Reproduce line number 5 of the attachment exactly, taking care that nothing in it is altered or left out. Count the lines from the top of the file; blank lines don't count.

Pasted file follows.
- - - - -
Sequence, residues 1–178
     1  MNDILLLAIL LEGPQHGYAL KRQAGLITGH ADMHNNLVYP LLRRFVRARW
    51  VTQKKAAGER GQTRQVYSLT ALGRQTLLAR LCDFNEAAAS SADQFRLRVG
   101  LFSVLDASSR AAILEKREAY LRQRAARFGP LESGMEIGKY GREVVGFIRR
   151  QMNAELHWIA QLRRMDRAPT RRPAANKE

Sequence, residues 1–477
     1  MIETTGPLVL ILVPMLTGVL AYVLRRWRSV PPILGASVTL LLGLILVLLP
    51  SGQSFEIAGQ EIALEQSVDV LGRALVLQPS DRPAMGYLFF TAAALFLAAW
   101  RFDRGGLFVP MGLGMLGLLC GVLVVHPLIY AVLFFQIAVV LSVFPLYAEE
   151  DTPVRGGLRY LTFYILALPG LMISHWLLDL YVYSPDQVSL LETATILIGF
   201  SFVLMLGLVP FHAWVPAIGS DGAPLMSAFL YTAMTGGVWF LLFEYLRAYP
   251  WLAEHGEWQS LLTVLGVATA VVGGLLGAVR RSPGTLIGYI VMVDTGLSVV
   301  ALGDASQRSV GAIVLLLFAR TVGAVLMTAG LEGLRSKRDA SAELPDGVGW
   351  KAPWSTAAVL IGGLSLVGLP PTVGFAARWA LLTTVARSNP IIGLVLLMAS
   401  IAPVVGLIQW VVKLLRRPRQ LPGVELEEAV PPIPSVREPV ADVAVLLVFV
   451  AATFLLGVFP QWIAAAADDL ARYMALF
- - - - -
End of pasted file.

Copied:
   151  QMNAELHWIA QLRRMDRAPT RRPAANKE